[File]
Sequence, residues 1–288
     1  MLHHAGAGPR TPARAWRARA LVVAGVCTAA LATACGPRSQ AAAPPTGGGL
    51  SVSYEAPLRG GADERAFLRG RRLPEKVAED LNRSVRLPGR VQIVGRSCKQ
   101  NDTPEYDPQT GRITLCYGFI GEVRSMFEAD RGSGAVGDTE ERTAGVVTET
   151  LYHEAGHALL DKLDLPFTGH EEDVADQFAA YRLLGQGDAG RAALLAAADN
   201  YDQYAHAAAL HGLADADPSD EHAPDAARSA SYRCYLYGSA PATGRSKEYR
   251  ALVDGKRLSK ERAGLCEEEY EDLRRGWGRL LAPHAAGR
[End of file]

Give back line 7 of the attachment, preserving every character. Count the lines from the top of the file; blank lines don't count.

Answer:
   251  ALVDGKRLSK ERAGLCEEEY EDLRRGWGRL LAPHAAGR